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Bryan and Lanford (Virginia Historical Society) have spent considerable time editing the often graphic, at times partisan, yet highly analytical 5000-page illustrated diary/memoir kept by Private Sneden, a Union cartographer who dabbled in art as a member of the 40th New York Volunteers. The Virginia Historical Society initially acquired four scrapbooks several years ago, which contained 500 watercolor illustrations of Sneden's Civil War experiences. When analyzing Sneden's artwork, Bryan Landford noticed references to a diary, which they eventually located and purchased. The narrative depicts the life of the common soldier and is perhaps one of the most complete descriptions of Civil War battlefield experiences (Army of the Potomac) and prison life (Andersonville) ever written. In addition, the many watercolor sketches and maps provide a visual chronicle of every place Sneden visited. Using numerous sources, the editors have also been able to corroborate the accuracy of Sneden's description of events and personalities. Readers will enjoy seeing carefully selected examples of Sneden's primitive yet powerfully evocative art. Skillfully edited, Eye of the Storm may one day be considered a classic. Essential for academic and public libraries.-Charles C. Hay Ill, Eastern Kentucky Univ. Lib., Richmond
Doreen Carvajal"The New York Times"Through sheer serendipity and the determined detective work of a Southern historian, the voluminous collection was pieced together, along with the puzzle of Sneden's life and obsessions. Experts say his oeuvre has no equal in Civil War art.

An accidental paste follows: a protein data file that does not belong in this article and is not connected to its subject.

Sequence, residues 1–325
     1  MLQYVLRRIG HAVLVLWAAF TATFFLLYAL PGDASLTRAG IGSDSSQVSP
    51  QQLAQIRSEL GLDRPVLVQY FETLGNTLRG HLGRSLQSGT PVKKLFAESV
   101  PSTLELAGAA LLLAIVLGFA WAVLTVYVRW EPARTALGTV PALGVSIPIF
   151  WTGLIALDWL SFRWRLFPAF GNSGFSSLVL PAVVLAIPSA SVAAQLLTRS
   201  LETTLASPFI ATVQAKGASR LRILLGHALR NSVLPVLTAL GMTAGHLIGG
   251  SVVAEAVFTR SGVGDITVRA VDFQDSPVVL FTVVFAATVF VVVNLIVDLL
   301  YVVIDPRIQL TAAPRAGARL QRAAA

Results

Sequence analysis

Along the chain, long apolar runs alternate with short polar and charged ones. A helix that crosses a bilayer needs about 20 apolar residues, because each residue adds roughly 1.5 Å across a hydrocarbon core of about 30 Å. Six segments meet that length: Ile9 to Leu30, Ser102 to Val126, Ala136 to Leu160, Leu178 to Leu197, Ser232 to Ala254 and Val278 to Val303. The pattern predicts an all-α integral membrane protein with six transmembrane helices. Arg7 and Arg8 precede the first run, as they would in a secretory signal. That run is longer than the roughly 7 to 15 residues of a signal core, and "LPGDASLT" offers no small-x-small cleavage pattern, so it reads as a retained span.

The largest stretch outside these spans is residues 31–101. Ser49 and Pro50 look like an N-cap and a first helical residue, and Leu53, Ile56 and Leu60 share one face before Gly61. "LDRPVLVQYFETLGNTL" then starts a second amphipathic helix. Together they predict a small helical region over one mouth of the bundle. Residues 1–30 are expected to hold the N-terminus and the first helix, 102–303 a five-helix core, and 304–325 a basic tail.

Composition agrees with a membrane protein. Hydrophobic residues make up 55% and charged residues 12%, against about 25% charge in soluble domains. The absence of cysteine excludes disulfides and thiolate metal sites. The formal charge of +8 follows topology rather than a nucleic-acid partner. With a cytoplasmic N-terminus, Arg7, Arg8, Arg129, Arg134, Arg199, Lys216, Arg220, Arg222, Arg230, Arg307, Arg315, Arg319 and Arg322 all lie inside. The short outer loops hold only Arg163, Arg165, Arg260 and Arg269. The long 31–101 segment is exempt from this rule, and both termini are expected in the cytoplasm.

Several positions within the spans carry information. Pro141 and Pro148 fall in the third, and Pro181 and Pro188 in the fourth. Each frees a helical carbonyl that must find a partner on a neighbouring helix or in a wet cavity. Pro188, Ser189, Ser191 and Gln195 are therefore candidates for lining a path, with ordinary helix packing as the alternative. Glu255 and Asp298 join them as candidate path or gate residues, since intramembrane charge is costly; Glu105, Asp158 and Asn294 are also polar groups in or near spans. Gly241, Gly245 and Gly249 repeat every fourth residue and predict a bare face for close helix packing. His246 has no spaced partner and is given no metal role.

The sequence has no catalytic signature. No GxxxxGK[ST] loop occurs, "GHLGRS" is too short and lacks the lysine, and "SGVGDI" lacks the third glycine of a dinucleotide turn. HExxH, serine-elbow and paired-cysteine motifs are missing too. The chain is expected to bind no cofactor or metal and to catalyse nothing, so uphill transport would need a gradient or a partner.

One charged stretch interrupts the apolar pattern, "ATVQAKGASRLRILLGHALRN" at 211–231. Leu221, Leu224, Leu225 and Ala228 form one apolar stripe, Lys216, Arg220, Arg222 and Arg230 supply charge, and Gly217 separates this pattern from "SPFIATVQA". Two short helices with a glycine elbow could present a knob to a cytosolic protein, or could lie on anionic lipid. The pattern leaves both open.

Shortly after the firing on Fort Sumter in 1861, 29-year-old Robert Sneden joined the 40th New York Volunteer Infantry. Sneden's prewar career as an architect/engineer attracted the attention of higher officers, and the young Canadian was detached as a cartographer for most of his brief military career, seeing action in the Second Manassas and on a few other occasions. On November 27, 1863, Sneden was seized by rebel troops led by the famed John S. Mosby and hustled south to a Richmond prison. In early 1864, he was among the first batch of Union prisoners sent to Andersonville, Ga., where more than 13,000 prisoners died. After transfers to other Southern camps, Sneden was finally exchanged in December 1864. Throughout his army career, Sneden kept a journal and sketched numerous sites of his experiences. Although the journal itself has disappeared, a very journal-like postwar memoir of some 5,000 pages based on his wartime experience and heavily illustrated by him has been found. Editors Bryan and Lankford, of the Virginia Historical Society (which owns the Sneden collection), have excerpted the more important sections of this compellingly straightforward account and provided more than 70 color illustrations of battle fields, city layouts and other scenes that caught Sneden's precise, cartographic eye. Summaries fill in blanks from the larger work, and brief identifications of period people and terms are helpfully included, but it's really the pictures that tell the best story here. The end result is a pleasing palate of vivid (if not quite reflective) descriptions and terrific watercolors from a patriotic man. History Book Club main selection; BOMC and Military Book Club alternate; first serial to Civil War Illustrated. (Oct.) Copyright 2000 Cahners Business Information.